The Costs (Financial and Emotional) of Youth Sports

The big sports story in Boston this week is of course the World Series. But it's also significant that this week it's not Boston-based parents who are the subject of the bad sports parent story making national headlines. As I've written about before in Boston Magazine, youth sports in Massachusetts tend to be extremely competitive and lead to some ill-behavior. Boston Sports Parents by Zohar Lazar for Boston Magazine

In the tournament showdown in the piece hockey parents took the "prize," so it's no surprise that when a parent got in a fight at a youth sporting event and actually punched a CHILD, it was at a hockey game. A 14-year-old was punched in the face by a 44-year-old chiropractor in Palm Beach County, FL. Dr. Matthew Supran was arrested after also pounding the child's head into the boards. It must be noted that Palm Beach is an affluent area and Supran is obviously educated-- showing that the intense competitive youth culture impacts people even at the higher ends of the class structure.

Earlier this month an article I wrote for The Atlantic on the history of on competitive youth sports helped inspire this NYT's Room for Debate, which provoked some thoughtful responses and comments on how to balance these activities for kids. Of course the focus should be on kids, and not parents. A mix of fun and seriousness seems to be the right mix, but it's hard to get that exactly right.

And, of course, participation in these activities isn't free-- not even close. Last weekend NBC Nightly News did a segment on two baseball playing brothers at IMG Academies and how much their parents pay each year (close to six-figures for *each* of them). As you'll see around 1:43 of this clip, I make an appearance emphasizing how important it is to not just focus on one activity for the health of your child, by which I mean both physically and psychologically.

While this post may seem a bit negative, it is important to remember that there are also many benefits to participation in youth sports, as I wrote about last week for The Robert Wood Johnson Foundation's Human Capital blog (a Foundation that has funded parts of my research). In fact I emphasize that the impact of participation can be so great that we need to work to ensure that *all* children have access to the skills and lessons youth sports help develop, and not just the kids whose parents can invest six-figures and who live in Palm Beach...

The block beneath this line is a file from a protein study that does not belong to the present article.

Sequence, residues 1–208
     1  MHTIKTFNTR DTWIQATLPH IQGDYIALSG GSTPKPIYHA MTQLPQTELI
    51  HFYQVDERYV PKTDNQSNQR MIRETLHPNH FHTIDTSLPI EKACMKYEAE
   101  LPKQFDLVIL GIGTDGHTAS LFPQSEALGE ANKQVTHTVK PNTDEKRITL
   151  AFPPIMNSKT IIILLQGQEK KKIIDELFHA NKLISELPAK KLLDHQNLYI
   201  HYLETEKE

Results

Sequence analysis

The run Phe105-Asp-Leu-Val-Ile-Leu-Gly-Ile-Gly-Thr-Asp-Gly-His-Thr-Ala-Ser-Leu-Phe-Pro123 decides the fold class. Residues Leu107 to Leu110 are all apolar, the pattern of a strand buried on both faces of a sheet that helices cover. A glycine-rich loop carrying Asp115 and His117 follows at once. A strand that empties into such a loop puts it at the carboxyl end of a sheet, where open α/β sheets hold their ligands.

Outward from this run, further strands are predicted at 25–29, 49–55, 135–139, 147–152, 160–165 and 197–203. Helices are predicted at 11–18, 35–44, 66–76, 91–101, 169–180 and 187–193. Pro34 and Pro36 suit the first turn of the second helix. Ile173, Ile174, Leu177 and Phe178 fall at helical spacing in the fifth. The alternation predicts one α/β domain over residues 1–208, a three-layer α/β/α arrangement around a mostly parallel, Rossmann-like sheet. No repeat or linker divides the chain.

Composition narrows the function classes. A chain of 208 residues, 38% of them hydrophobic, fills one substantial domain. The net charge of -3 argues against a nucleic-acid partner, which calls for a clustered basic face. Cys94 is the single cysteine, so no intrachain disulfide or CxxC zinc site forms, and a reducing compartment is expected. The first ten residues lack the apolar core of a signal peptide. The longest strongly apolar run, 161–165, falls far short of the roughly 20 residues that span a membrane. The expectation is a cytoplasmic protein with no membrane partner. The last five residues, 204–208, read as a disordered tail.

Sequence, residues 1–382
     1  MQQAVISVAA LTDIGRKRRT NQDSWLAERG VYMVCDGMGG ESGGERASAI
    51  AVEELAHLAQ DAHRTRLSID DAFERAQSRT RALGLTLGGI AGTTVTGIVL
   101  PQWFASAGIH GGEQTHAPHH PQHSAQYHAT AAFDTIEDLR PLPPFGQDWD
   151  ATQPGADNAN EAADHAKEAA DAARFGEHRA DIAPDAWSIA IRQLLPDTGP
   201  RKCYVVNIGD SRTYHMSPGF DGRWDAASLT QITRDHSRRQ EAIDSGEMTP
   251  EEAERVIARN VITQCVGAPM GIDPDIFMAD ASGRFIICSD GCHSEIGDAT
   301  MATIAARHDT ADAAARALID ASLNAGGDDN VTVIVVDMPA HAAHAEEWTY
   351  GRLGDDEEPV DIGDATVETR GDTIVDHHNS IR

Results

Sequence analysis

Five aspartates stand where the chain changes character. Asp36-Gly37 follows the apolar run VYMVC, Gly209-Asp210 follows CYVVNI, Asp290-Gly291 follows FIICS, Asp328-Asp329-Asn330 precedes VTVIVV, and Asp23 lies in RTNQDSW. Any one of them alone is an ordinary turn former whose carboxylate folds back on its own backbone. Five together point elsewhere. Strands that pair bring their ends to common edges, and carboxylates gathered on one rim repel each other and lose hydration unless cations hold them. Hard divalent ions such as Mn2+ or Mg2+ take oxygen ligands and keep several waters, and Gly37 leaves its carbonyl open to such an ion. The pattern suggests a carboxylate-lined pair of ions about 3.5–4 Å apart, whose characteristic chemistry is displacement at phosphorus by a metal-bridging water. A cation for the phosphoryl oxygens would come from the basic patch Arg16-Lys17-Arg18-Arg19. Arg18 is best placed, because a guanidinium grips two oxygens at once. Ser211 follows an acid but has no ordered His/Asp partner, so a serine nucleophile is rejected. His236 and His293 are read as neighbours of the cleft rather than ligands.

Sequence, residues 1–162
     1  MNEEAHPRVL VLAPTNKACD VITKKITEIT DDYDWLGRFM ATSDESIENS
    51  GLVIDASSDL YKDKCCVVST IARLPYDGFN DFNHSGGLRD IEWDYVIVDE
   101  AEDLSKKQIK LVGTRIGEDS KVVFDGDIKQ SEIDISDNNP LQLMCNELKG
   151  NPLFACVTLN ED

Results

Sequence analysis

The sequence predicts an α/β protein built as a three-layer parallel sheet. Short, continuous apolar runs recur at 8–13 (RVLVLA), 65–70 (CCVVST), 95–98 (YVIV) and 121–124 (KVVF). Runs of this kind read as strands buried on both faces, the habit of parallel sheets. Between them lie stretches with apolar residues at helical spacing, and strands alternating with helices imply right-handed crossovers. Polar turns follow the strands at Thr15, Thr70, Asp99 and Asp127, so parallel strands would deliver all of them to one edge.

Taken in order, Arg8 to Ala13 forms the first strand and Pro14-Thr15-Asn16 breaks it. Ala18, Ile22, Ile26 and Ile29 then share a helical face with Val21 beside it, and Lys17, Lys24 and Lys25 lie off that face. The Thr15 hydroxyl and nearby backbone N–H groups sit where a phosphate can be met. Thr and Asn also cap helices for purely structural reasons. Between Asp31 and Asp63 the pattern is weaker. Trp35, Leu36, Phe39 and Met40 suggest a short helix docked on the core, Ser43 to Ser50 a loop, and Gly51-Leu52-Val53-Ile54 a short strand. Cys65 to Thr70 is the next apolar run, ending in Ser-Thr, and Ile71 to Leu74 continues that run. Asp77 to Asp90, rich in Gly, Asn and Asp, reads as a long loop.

Parenting, Pageantry, and Politics

The past month or so has been pretty crazy in the Levey Friedman household-- death, life, illness(es), first teeth, a hurricane and a nor'easter, Halloween, an election, the list goes on.  Through it all I've attempted to keep writing, but the priority has been parenting the Little Man... especially after we lost our childcare in the midst of everything else! Being a SAHM for a few weeks meant my child got to eat Chicken McNuggets for the first time (which he obviously loved; he also napped better than ever after eating them, so McDonald's clearly knows what they are doing).  I attempted to not feel guilty about this, and other things during this time, with varying degrees of success.

Having written about parenting for years, parenting my own child has certainly added a new dimension to my work, as I knew it would. And just this week I published my first ever parenting essay over on Kveller's Raising Kvell blog.  You'll see that it's about whether or not Little Man should be thinking about competition at 8-months-old.  [You will also note that I am not the woman pictured swimming. As I say to the husband each week, "Someone would have to pay me a lot of money these days to get me into a bathing suit." Of course, if you're that person, feel free to call or email me.]

In last month's Boston Magazine I wrote about some hyper-competitive sports parents in New England, a group which often makes national headlines for their misbehavior.  Swimming parents did make the tournament, but didn't advance far, which in this case is a good thing.  It seems like I won't be part of that group, although clearly I can't speak for the aforementioned husband.  Yesterday I was on NECN's The Morning Show talking about this issue (see below) and speculating about why these stories often come out of the Boston area.

(In the past month I've recently addressed some other parenting issues, from a sociological perspective, on The Morning Show including parents using social media to discipline their children and parents trying to ban yoga from their children's elementary school.)

Parenting a competitive child does not come cheap, as this recent slideshow that features my research reveals, but many parents consider it worth the effort.  Parents are also starting to "afterschool" their kids, as this new, interesting article reveals; note that I'm quoted here as saying, "They want to make sure their kids stay at the top of their class," but in general parents just want to try to be sure their kids "stay at the top."

As I've learned over the years people can stay at the top in a variety of fields.  It can be in parenting, swimming, hockey, football, chess, soccer, dance, school, and, yes, beauty pageants.  Competition abounds in our society.  As a follow-up to my two pieces earlier this year on beauty queen political candidates-- women looking to conquer both pageants and politics-- I posted on The Hill this week with an update on how the beauties fared in their elections (spoiler: one won!).

Because I was home with him I got to take the Little Man to see democracy in action for the first time.  But he wouldn't tell which beauty queen politician he would have voted for... Guess I'll have to wait until he can talk to find out!